There was something vaguely reproachful about the computer's voice, like it wasn't going to nag him about how he took care of himself, but he knew the ship worried, didn't he. Sometimes Leonard, among the other paranoid fantasies he harbored and cultivated religiously, wondered about that. Considering the complexity of the ship's systems and the processing power each part had, and the complexity of the main system co-ordinating the others, it wouldn't have surprised him one little bit to find out that the Enterprise was sailing full speed ahead into sentience.
Well. If she was, she seemed to like her crew all right, and if she didn't like someone she hadn't actually sent them out an airlock -- yet -- although Leonard was pretty sure some people had more trouble with their hot water than others. Anyway, she probably worshipped Jim like Jim worshipped her, so there was that. Also Scotty probably wouldn't let the ship kill them all. Probably.
Still, the computer could sound exactly like his mother. Leonard sighed and pushed Fat Bill aside enough to flail out of the complicated trap of a full-grown McNab collie and three blankets. Tib opened one eye and spread himself out over the rest of the bed as Leonard sat up. "Computer, replicate high-protein breakfast two." No, to hell with it, he deserved some god damn bacon after spending twelve hours stitching Jim up enough to transfer to regen. "Cancel that, make it number thirteen."
Leonard really hoped Christine hadn't blocked him from drinking caffeine, because otherwise there would be words. Still, if they wanted him to sleep, Jesus Christ, six more hours, he couldn't have coffee anyway.
"Meal replicated," said the computer, and Leonard went to get the tray. He ate ninety percent of it -- well, eighty-five at the very least, because Fat Bill had eyes like drilling lasers and Tib had a knack of lying under a table and radiating "I'm a good patient dog who deserves at least a piece of toast. A good dog. Who loves you. And your toast" at people that left you feeling vaguely like you were a terrible person unless you saved some back for him. The plate was empty, and he'd eaten most of it, so that was probably good enough for Christine, he figured.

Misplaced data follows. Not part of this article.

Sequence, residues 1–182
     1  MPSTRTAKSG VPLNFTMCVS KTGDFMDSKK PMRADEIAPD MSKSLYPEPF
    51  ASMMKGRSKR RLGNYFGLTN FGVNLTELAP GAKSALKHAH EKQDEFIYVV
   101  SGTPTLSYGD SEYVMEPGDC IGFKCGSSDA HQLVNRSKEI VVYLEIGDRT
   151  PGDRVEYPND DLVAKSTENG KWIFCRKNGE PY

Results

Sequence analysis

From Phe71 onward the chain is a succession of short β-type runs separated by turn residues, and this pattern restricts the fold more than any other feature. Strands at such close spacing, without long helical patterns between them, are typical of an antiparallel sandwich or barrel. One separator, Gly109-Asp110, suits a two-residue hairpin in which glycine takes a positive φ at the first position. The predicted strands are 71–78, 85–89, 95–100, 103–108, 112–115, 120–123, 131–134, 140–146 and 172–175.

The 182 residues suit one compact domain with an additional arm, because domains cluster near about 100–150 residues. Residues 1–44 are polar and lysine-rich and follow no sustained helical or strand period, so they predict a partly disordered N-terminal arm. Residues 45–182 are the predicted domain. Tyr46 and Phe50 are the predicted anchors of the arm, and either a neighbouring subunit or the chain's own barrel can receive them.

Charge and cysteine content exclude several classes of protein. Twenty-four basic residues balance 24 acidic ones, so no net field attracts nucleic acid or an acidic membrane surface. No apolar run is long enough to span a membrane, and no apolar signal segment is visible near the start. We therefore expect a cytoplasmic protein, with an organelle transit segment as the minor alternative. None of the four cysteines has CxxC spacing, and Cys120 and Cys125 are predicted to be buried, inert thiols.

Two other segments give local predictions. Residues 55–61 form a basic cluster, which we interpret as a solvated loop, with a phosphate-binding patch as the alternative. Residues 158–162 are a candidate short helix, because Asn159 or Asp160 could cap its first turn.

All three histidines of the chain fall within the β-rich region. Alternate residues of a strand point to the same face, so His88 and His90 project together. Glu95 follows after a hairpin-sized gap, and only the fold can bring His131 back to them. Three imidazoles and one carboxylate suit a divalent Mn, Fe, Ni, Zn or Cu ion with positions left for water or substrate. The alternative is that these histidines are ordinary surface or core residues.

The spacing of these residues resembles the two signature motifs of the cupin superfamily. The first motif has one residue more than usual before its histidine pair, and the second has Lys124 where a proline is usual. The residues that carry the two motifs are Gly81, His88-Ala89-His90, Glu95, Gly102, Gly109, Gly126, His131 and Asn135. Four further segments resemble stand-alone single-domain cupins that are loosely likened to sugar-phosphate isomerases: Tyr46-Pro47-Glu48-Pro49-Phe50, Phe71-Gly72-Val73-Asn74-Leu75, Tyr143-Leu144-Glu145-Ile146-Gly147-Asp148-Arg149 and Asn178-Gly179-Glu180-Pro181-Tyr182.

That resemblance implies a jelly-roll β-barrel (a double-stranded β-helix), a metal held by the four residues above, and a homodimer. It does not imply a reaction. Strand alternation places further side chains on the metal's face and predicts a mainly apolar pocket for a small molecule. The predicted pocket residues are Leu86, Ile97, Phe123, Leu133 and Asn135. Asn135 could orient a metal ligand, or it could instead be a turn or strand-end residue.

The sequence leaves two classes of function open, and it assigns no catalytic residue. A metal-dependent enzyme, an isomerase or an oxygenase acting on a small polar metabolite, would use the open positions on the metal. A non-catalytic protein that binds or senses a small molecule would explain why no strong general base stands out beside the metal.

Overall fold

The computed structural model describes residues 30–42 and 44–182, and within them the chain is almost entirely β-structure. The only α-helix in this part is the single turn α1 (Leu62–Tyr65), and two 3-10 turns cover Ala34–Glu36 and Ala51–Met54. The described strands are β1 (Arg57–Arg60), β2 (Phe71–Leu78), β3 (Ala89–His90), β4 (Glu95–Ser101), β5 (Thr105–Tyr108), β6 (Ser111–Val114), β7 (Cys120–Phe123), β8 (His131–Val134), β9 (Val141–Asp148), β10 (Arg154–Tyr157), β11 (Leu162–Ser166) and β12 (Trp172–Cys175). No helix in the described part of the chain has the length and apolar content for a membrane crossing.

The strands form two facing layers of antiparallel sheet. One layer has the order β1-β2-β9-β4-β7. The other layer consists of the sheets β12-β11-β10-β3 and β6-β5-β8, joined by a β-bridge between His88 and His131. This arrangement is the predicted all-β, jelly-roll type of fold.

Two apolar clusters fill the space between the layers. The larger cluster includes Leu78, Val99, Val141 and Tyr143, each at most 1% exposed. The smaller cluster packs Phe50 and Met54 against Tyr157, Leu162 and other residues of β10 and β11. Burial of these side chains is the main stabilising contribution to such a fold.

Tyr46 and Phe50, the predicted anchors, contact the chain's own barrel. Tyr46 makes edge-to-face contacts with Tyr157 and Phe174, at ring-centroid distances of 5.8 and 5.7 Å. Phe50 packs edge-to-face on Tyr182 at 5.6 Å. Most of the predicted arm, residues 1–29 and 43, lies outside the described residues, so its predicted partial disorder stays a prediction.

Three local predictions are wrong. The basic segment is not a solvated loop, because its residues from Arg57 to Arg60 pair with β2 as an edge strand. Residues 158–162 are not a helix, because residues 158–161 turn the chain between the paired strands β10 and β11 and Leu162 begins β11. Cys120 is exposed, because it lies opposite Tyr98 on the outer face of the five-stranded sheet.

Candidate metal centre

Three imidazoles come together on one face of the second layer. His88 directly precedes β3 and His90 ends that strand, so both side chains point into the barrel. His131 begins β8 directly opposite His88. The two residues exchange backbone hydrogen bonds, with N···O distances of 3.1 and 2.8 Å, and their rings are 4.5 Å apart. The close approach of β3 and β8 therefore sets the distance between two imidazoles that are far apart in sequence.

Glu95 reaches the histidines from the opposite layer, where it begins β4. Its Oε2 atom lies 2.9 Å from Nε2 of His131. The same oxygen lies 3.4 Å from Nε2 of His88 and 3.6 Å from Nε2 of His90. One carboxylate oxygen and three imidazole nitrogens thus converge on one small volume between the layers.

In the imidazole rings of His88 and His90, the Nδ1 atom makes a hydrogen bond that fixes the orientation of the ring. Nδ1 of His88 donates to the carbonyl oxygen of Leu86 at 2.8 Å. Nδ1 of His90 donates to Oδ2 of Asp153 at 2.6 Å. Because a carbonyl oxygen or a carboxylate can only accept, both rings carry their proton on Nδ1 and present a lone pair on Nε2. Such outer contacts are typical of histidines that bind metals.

He put the tray back in the slot and sat down on his bed. Tib put his muzzle on Leonard's knee and stared at him.
He might as well sleep again. God alone knew the dog wasn't going to leave him alone otherwise, and Fat Bill was already curled on his pillow, giving him an unimpressed look.
Leonard was trying to find Jojo, to find Jim, swimming through blue-green regen fluid and trying to call their names. He looked at paperwork, looked at it again, and realized it had changed. So he was dreaming again. He had a way to deal with that. He could -- he could change the dream. Was he dreaming? He looked at the paper again, blinked, and saw something else on it. A drawing from Jojo. Was it a map? Jim was lost. He went to find Spock and now Leonard couldn't -- there was a bell ringing. It kept ringing, even though Leonard couldn't find it.
Where the hell was that bell? It was -- his alarm clock, sounding six hours.
Leonard groaned and rolled over. His head felt filled with lead. He buried his pillow in his face for a minute, and then sat up.
Tib had changed positions on the end of the bed, so he'd probably been to the animal mess and back. Fat Bill, as far as Leonard could tell, was in exactly the same position he had been when Leonard had laid down and found himself with a mouthful of gold tabby fur pressed up against his face.
It had been kind of nice, though, falling asleep with Fat Bill purring like a trash compactor beside him.